Managing partners are usually part of an executive committee composed of senior-level lawyers of the firm. They have the top authority in the firm and creative objectives and strategic visions for the company. Managing partners also play kingmaker in the sense that they, in a democratic effort, can make lower-level lawyers partners of the firm.

    • Requirements and qualifications for these career paths

      For all of these career paths in law, with the exception of a paralegal, you need to have a stellar academic record and pass the Law School Admission Test (LSAT).

      This is an infamously difficult exam that acts as the gatekeeper to law school. It is designed to test skills that undergraduate students may have not yet fully developed, such as the reasoning skills in the logic games section.

      Courses in law school include constitutional law, ethics, property law, criminal law, lawyer-client relationship, and civil procedure. If you make it through law school you then must pass the Bar exam which is even harder than the LSAT.

      The Bar exam requires an immense amount of critical thinking when answering the written questions. Philosophy, ethics, and many other esoteric topics may come into play when answering questions on the Bar exam. Not to mention you need to know your laws. The exam differs from state to state, but usually takes two days to complete.

      And make sure that you take the Bar exam in the state in which you want to become a lawyer, otherwise you'll likely have to take it again. The Bar exam is notoriously known to be difficult, with many law students needing to take it multiple times to pass.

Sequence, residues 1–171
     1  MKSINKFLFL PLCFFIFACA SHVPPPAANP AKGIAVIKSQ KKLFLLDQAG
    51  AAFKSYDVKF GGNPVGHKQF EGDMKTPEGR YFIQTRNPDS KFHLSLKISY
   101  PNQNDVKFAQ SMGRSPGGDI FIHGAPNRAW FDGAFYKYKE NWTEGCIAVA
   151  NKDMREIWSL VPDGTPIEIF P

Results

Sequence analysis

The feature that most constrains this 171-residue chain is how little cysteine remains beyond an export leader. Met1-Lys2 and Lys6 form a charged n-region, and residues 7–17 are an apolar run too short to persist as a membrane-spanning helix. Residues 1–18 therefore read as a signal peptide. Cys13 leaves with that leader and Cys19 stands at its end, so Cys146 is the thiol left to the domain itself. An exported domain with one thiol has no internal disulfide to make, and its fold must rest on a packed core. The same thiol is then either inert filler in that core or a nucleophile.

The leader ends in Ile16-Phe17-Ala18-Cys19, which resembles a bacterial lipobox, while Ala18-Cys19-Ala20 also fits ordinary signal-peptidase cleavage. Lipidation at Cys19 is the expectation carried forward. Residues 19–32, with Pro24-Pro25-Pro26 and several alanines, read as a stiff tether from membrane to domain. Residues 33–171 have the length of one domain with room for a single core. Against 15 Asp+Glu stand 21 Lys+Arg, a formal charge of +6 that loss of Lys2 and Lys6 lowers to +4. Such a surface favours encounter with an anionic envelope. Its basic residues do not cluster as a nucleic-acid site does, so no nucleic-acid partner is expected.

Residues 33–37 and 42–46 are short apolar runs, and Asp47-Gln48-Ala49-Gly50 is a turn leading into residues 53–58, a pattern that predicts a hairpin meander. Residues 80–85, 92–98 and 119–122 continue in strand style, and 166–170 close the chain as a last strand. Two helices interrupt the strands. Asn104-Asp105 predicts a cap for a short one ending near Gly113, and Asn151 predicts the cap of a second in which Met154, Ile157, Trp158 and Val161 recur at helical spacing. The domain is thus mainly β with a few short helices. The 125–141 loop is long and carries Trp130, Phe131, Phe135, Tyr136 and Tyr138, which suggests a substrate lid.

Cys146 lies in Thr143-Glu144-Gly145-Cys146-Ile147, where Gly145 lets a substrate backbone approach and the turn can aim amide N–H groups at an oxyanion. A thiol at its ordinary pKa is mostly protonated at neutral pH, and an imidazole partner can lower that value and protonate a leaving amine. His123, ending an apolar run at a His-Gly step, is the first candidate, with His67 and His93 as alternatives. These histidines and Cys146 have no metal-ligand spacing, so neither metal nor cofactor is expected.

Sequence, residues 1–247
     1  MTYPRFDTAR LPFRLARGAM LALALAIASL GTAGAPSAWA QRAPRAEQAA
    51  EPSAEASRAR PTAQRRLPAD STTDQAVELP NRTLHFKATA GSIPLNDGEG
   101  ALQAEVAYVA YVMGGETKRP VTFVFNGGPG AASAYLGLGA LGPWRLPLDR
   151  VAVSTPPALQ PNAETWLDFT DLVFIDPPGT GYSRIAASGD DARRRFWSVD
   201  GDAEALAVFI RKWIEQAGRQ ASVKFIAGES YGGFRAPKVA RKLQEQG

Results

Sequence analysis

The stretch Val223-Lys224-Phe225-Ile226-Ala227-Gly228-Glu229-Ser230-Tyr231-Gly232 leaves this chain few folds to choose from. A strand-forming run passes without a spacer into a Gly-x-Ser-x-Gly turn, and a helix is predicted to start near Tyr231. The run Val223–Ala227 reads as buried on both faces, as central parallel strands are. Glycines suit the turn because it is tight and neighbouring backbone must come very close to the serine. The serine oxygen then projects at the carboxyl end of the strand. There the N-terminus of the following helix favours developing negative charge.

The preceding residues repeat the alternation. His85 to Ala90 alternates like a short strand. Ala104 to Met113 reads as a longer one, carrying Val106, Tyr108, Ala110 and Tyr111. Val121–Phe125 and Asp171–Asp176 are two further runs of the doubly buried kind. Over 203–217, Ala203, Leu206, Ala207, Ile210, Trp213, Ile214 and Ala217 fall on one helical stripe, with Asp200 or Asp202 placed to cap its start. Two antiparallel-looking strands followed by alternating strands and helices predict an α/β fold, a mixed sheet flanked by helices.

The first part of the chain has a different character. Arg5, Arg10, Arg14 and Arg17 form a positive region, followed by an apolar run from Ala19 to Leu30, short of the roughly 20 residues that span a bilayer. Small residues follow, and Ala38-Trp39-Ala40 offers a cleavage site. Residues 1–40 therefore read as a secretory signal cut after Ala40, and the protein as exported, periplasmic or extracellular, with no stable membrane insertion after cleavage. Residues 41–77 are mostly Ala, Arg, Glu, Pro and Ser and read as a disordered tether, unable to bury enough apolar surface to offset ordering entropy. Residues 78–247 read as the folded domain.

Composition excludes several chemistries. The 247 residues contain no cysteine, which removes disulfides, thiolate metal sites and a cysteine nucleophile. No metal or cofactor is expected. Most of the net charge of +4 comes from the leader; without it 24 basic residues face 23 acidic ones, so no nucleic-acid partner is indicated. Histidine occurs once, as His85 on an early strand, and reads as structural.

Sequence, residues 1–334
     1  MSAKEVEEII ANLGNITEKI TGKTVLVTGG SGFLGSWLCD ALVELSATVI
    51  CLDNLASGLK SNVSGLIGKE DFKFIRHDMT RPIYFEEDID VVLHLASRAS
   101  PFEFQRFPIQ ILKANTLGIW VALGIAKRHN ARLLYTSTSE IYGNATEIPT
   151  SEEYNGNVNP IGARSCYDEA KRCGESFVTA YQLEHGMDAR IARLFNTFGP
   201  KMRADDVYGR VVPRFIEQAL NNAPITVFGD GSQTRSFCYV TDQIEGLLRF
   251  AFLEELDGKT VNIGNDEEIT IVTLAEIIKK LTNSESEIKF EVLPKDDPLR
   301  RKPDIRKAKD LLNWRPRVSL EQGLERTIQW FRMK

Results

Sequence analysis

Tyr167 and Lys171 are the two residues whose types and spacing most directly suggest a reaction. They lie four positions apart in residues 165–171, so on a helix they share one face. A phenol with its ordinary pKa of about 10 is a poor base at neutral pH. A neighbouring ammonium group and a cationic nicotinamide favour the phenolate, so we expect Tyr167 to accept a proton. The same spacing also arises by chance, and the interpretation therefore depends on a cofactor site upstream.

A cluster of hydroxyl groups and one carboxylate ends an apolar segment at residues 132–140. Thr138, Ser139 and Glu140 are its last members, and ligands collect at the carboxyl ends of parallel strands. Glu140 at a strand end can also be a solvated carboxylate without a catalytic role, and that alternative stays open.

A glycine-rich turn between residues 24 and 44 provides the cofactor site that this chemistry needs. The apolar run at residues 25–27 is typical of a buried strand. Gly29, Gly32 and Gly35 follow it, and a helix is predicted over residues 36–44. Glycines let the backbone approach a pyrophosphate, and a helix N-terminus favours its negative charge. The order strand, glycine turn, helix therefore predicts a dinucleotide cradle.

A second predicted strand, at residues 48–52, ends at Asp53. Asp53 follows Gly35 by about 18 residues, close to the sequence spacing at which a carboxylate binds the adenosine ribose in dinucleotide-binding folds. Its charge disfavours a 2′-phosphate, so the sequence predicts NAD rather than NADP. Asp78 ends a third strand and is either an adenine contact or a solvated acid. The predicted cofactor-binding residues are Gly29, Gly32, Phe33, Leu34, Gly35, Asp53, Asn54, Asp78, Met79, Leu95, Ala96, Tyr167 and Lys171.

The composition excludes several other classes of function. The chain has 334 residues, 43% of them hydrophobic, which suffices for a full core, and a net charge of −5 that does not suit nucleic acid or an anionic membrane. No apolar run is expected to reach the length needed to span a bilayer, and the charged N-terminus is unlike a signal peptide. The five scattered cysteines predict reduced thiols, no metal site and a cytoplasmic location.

Once you pass the Bar exam, you can seek work in one of the many career paths of a lawyer.

    What Is A Professional Degree?

    A professional degree is a college or university degree that helps students prepare for work in specific fields, such as law, medicine, education, or engineering. The length of time it takes to get a professional degree can vary, depending on the area you are specializing in.

    Professional degrees come in the form of bachelor's degrees, master's degrees, and doctorate degrees. Programs in professional degrees often put a great amount of emphasis on real-world training and the application of specific skills.

    Many also include the necessity of completing internship programs in the field as well. They also might include specific projects that mimic real-world projects in a particular profession and in certain cases, may even be utilized by the graduate once they enter the field.

    All of these facets of professional degrees give students the opportunity to gain real-world experience and skills and help to boost their resumes upon graduation.

    Certain professional degrees must be obtained before you can legally practice a profession, like those in law or medicine.

    What Is Law Firm Hierarchy?

    Law firm hierarchy is the structure of job titles at a law firm and consists of managing partners at the top and summer associates at the bottom. Here is a more detailed description of the roles in the law firm hierarchy, starting with the highest position and descending to the lowest position:

    What Is The Difference Between A Lawyer And An Attorney?

    The difference between a lawyer and an attorney comes down to whether or not you can practice law in court. A lawyer is someone who has gone to law school but doesn't practice law in court. In contrast, an attorney has completed law school, passed the bar exam, and can practice law in the courtroom.